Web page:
Pupils from St Ives School in Haslemere have had their memories of life during the coronavirus pandemic preserved as part of the 2021 School Time Capsule, a project led by BAFTA Kids, children’s mental health charity Place2Be and Oak National Academy.
Schools all over England, Scotland and Wales were asked to submit any material evidence they had of children learning over the period of national Lockdown. For St Ives, this was easy, as they had so much material from this period. As soon as the national Lockdown was announced, St Ives produced a new school motto and logo to ensure its community stayed close and connected during this period: “St Ives Together Whilst Apart”, formed a new school strategy to ensure that not only did the learning continue, but also the pastoral care for which the school is so well known. Parents too played their part in making this strategy work by regularly sending in photos and videos of their children at home, which were shared amongst the school community during live lessons, assemblies, school quizzes, lunches over Teams and so forth. The school also produced several videos that were shared amongst the children to keep their spirits up and allow them all to see their friends!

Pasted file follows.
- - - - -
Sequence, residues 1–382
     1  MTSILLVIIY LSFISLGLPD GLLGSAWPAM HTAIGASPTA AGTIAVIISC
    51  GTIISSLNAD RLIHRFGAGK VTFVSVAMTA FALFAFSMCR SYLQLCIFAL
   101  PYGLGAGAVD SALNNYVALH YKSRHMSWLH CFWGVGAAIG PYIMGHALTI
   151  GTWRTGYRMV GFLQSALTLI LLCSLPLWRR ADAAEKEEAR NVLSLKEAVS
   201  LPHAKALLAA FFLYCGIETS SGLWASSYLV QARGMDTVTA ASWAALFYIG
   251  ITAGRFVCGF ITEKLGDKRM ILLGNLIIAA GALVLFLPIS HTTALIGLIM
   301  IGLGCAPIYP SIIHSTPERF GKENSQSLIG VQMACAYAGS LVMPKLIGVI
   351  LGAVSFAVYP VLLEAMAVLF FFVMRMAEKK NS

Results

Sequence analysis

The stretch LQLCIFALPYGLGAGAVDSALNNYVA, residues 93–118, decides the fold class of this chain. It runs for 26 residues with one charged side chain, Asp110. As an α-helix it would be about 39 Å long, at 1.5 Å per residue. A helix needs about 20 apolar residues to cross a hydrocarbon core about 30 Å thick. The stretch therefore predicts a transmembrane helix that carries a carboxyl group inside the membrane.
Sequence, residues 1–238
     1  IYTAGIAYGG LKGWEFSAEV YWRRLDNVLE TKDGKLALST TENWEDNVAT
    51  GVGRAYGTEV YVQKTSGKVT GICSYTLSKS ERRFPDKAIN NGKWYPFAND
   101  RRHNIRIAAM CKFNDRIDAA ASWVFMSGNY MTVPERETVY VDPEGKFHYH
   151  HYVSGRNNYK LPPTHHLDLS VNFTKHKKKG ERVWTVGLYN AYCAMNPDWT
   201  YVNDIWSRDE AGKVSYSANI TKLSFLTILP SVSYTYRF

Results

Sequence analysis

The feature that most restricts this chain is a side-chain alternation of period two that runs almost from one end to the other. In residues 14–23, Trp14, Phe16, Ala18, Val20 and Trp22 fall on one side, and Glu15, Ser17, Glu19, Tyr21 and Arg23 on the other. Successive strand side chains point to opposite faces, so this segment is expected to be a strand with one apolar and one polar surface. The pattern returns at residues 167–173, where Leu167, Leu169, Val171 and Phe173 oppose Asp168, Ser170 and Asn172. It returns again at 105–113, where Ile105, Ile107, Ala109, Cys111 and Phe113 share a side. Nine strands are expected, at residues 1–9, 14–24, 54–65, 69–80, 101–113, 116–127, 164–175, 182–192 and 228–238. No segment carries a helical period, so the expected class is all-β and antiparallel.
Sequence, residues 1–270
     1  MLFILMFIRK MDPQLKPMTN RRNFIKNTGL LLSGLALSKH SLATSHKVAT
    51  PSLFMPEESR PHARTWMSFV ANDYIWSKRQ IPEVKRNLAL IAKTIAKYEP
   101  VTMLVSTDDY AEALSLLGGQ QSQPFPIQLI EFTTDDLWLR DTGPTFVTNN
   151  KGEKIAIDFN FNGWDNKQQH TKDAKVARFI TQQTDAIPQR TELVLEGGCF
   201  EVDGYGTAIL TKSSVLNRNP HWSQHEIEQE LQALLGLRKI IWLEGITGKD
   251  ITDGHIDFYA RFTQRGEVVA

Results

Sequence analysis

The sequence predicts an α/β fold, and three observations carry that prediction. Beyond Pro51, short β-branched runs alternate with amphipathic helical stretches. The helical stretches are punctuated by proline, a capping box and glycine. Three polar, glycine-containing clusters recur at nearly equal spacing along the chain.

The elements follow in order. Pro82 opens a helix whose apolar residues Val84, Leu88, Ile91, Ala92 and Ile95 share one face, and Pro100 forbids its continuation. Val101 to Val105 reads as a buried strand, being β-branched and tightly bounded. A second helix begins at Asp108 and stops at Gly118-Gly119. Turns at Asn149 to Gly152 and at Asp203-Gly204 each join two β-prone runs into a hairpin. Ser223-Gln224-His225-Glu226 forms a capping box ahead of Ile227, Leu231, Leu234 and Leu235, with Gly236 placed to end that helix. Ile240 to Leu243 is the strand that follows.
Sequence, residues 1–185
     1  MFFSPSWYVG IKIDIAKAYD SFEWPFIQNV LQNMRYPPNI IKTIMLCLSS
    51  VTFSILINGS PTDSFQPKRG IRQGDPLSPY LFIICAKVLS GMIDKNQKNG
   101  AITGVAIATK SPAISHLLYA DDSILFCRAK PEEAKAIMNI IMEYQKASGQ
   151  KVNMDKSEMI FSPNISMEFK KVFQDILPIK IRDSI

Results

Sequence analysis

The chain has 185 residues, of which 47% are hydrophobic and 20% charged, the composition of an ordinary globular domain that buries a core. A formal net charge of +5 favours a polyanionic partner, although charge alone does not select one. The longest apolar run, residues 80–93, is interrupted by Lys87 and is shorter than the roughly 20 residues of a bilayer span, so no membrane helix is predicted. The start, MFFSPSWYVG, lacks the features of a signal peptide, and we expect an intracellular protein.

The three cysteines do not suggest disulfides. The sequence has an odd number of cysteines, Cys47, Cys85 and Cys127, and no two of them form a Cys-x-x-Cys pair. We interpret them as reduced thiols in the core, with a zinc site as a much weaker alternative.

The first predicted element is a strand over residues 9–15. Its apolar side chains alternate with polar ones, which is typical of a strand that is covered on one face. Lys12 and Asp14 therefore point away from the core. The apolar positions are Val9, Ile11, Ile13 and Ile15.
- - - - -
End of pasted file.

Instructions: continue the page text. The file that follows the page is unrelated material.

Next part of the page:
The submissions from St Ives for the BAFTA video have been preserved alongside those from other schools all over the UK. The Time Capsule was sealed at BAFTA’s prestigious headquarters on London’s Piccadilly. The pupils’ reflections on this important moment in history will be shared with future generations when the capsule is opened in 2047, marking BAFTA’s 100 year anniversary.
A short film featuring pupils’ words, voices and artwork was published to accompany the sealing of the Schools Time Capsule on 22 November. It can be viewed here.
Or on the following link www.youtube.com/watch?v=wRZuiPqIkwY&t=5s
Kay Goldsworthy, Headteacher at St Ives, said: “It has been very exciting to be part of this project of BAFTA’s and we are so pleased so many of our videos have been included. Whilst the last 18 months have been undeniably difficult for everyone, it will form an important part of our children’s history and we remain extremely proud of the way we continued to teach our pupils and keep our community close during these periods when we were physically apart.”
Catherine Roche, Chief Executive of Place2Be, said: